Created: Jun • 2014


'People shouldn't treat you different just because you're - whatever - challenged or something.' 'You treated me different.' 'What? No I didn't.' 'Yeah, you said you wouldn't beat me up - because of how I look, right?' 'A touching coming-of-age-story with the humour of The Fault in Our Stars and the poignancy of Wonder.' We Love This Book
Loading ...

Comments (4)

  • Y. Nirvana
    4 years agoReply
    Dane is a bully and angry at the world, a world in which violence is justified if people are “asking for it”, the only exception to the rule being girls and “retards”. He is one step away from facing expulsion and, desperate to avoid this, he reluctantly agrees to act as an “ambassador” for Billy D, the new kid who has Down Syndrome. Billy D, however, is not a flawless victim, just as Dane is not as hard hearted as he tries to make out he is. To avoid being exiled to the alternative high school, Dane must help Billy D with everything he asks of and finds himself roped into helping Billy D find his father by solving the riddles left in an Atlas. But the boys discover that this will not be an easy road to navigate and results in plenty of dead ends.

    On the whole I liked how Lange was able to touch on sensitive and perhaps taboo subjects faced by many teenagers without sugar-coated such issues. Instead, she covers them in a quite a humorous and brutally honest way. However, I felt frustrated that the character development was set up in the clichéd ideal that Billy’s “differentness” is what makes Dane reconsider his bullying tactics and, ultimately, become a better person. I also felt that the character Seely was flat and underdeveloped. I didn’t understand the necessity of her being the daughter of two gay men, especially as the reader never meets them. It seemed to me that Seely was simply used as a tool to fulfil the role as the love interest/car driver and to tick off Lange’s list of stereotypes to overcome.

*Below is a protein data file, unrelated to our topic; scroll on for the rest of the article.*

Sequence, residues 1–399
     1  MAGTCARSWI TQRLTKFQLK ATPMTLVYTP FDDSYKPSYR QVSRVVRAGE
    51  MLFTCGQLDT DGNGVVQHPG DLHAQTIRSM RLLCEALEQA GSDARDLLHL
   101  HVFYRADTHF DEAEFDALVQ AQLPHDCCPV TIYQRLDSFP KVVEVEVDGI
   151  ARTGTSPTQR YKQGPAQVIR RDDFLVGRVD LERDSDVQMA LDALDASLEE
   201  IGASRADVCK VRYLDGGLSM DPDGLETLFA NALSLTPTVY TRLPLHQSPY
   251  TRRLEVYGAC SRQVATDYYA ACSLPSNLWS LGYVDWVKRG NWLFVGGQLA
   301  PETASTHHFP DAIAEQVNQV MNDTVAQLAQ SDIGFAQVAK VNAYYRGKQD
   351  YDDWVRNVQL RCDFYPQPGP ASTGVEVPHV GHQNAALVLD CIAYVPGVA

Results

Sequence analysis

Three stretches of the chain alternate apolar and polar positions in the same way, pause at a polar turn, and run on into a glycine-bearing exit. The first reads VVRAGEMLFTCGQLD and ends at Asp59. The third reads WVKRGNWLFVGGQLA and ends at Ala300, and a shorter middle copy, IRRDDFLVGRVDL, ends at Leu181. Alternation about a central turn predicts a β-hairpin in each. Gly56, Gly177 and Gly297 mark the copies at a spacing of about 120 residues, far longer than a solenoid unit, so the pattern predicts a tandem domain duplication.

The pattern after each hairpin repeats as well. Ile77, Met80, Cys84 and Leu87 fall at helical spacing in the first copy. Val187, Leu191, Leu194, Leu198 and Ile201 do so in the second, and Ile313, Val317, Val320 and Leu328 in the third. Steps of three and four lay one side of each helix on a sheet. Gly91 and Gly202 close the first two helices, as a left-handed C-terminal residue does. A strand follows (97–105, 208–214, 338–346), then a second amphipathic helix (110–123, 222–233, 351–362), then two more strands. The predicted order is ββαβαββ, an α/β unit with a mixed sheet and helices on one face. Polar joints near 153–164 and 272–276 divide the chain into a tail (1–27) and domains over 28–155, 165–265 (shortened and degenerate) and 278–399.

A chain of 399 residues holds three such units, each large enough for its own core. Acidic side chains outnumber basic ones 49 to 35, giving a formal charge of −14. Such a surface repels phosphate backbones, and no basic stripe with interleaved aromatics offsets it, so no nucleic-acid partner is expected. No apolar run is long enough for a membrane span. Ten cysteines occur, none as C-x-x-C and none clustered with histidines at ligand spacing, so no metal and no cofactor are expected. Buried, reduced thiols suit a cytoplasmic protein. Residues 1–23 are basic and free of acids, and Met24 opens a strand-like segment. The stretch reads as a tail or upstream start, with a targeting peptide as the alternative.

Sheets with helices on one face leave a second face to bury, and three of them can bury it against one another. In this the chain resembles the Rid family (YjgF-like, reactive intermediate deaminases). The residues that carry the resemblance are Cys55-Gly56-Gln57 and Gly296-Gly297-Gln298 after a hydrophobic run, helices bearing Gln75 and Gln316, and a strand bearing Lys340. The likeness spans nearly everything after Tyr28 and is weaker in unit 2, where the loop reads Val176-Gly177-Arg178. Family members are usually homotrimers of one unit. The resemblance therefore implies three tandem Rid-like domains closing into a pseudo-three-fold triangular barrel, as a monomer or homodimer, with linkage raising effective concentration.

‘Dead Ends’ does have some humorous dialogue but, to me, Lange seemed to be trying too hard to imitate the writing style of John Green, of which she is being compared to. Unfortunately, the anticipation built up as the quest went on fell flat, resulting in a disappointing ending. ‘Dead Ends’ is a quick, light-hearted read, but if you, like me, prefer characters with greater depth and a plot with deeper meaning, then perhaps this is not the book for you.
  • nickandallhisthings
    This book is beautiful. I don't normally read social realism, and the closest book that I've read to this is probably Wonder, the book on the 2013 Carnegie shortlist - but this blew Wonder out of the water.

    We follow the narrative of Dane Washington, a teenager with violent tendencies who becomes an unwilling chaperone when Billy, a child with Down syndrome, moves in across the road. We follow watching them grow and develop into amazingly crafted characters with tricky and subtle lives.

    If you tend to shy away from the harsh realities and like to tiptoe around awkward topics then this is not the book for you. Erin Lange pulls no punches when she pours out genius onto the pages, and the book is riddled with themes and characters which the faint-hearted may shy from. She has no trouble referring to retards, and challenges stereotypes of homosexuals, bullies, victims and of course, those with Down syndrome.

    The character of Dane is multifaceted, slightly hypocritical and clear as mud. In short, he is human. It is all too easy to think of characters as just that, characters, but Erin Lange will challenge your perception and dare you to think outside the box. Billy D. will shock and surprise you as he redefines your ideas of the mentally disabled, and together they will alter your ideas about life.